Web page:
— Jessica Gutierrez Alm, Attorney

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This is Fashion Santa.

Or at least it was until recently. Fashion Santa is a role that originated with model, Paul Mason and Toronto’s Yorkdale Mall in 2014. He promoted the mall and a successful charitable giving campaign. Mason continued as Fashion Santa during the 2015 holiday season, and became

— Jessica Gutierrez Alm, Attorney

After the last presidential debate, the Republican nominee’s “such a nasty woman” utterance led to somewhat of a rallying cry.  Within minutes, #Nastywoman was trending across social media, and streaming of Janet Jackson’s “Nasty” spiked 250% on Spotify.

While many debated the societal and political implications of

-Wes Anderson, Attorney

I recently came across this new piece of merchandise available for sale online:

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Look familiar? Those familiar with the restaurant chain Arby’s likely think so.

The shirt is a product of the parody Twitter account @nihilist_arbys, created by a former writer for The Daily Show. With occasional references to current events,

Debbie Laskey, MBA

Take a look at anyone’s smartphone or tablet and you’re bound to swipe through screen after screen of applications, or more commonly known as apps. Some apps are pre-programmed into the device, such as, calendar, maps, and stocks. And, of course, there are also apps for contacts, a camera, and social networks. But others are chosen by the device owner. Many marketers are curious as to why you chose the apps on your device, but more importantly for all marketers, what do popular and successful apps teach us about brand equity and branding? Here are some branding tips from my five favorite apps.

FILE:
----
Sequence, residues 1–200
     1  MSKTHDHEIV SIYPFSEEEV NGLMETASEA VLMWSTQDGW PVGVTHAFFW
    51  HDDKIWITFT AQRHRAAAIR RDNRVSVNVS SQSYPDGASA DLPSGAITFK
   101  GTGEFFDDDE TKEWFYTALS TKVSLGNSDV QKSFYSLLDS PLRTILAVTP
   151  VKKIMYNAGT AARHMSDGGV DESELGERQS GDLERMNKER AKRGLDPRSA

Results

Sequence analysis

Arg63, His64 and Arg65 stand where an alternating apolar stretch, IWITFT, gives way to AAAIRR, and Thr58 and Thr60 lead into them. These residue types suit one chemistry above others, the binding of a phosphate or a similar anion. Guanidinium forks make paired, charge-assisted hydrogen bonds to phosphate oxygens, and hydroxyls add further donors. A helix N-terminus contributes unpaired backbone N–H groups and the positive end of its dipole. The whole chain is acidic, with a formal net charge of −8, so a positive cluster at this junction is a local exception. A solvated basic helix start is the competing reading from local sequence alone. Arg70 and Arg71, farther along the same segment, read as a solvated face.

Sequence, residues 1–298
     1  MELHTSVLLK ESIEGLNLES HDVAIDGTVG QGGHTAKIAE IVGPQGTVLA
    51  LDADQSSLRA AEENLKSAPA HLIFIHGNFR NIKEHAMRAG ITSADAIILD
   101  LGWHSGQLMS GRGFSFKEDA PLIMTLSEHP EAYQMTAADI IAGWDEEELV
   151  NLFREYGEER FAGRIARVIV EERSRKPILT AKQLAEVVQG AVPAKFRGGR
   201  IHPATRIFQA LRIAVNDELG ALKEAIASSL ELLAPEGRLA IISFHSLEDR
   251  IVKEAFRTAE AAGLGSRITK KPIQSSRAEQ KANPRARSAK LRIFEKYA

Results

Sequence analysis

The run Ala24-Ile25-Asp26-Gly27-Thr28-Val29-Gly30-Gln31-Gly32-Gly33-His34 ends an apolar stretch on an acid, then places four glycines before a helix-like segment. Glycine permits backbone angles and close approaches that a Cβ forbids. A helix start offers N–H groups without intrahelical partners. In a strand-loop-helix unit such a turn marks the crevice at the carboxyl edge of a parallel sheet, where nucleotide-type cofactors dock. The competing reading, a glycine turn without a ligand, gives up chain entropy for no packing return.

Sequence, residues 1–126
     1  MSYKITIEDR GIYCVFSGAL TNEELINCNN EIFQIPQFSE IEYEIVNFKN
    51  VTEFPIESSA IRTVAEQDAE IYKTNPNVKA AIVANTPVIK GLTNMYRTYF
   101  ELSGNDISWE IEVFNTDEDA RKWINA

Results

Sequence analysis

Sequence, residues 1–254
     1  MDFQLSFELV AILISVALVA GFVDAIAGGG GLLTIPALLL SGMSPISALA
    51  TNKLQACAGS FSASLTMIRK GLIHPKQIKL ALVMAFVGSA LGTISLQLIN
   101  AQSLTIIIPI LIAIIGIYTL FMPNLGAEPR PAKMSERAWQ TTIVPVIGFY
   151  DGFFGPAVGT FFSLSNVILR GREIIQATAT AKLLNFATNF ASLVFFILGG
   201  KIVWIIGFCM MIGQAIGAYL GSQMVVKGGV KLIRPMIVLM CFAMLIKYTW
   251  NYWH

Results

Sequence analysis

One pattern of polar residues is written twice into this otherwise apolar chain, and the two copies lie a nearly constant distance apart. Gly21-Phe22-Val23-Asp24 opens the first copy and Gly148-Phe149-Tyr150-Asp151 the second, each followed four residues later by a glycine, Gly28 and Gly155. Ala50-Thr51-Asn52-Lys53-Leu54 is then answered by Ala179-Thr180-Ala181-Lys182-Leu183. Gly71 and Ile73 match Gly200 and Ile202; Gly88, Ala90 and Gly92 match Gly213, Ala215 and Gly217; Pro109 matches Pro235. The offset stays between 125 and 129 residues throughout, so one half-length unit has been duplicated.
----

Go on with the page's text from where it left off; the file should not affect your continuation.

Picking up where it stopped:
[1] BLOGKEEN

This app is useful because it allows the user to provide the URLs for countless blogs, and then each day, new posts for each blog are available for reading in one easy space. No more searching for each blog’s URL separately. No more searching through Twitter for each blog’s latest post. This is a one-stop app if you enjoy reading blog posts and follow more than a few bloggers.

BLOGKEEN’S BRANDING TIP

How does your brand communicate your content? How often do you communicate with your audiences? Does your brand have a blog?

[2] DAILYART

This app is memorable because it provides a daily piece of art with information about the specific piece of art, its artist, the time it was created, and where it is housed. The art spans all genres and time periods. Users are just as likely to see a piece of art by Jackson Pollack as a sculpture from the Acropolis. If you cannot visit a museum or gallery on a regular basis, you can get your art fix on your mobile device with this app.

DAILY ART’S BRANDING TIP

Does your brand think of your customers and prospects as art lovers? This app reminds all marketers to create high quality images while simultaneously taking us on a daily museum visit without standing in line or having to deal with public transportation or parking. When you show visual content (photos and videos) to your audiences, how much time do you spend on making sure that the visual content is high quality?
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By way of follow-up to Tim’s and David’s recent discussions about Rio2016 and related U.S. Olympic Committee trademark enforcement issues, it appears that a local Minnesota carpet cleaning business called Zerorez, is poised to press the issue of the USOC’s overreaching trademark policies by asking the federal district court in Minnesota to confirm it

– Jason Sprenger – President, Game Changer Communications

2016, thus far, has been a busy year for celebrities passing away.  The shock and grief many people feel is palpable.  But it’s not just people reacting to these events anymore; in this new era of social media and creative advertising, it’s never been easier for companies

-Wes Anderson, Attorney

As the hustle and bustle of the INTA 2016 Annual Meeting drew to a close yesterday, I reflected on the session “#HASHTAGS #EverythingYouNeedToKnow” from Tuesday. It seems trademark protection may not (yet) fit comfortably into the hashtag world.

DuetsBlog previously provided a helpful tutorial on the nuts and bolts of

BudweiserAmericaCansLast week the Twittersphere was chirping loudly and negatively in response to reports that Belgian-owned Inbev would be replacing the Budweiser brand name with “America” on beer cans, as shown above. No bow-tie can shape in this campaign, but the logo is to be on the can’s back.

Headlines like these, suggesting a permanent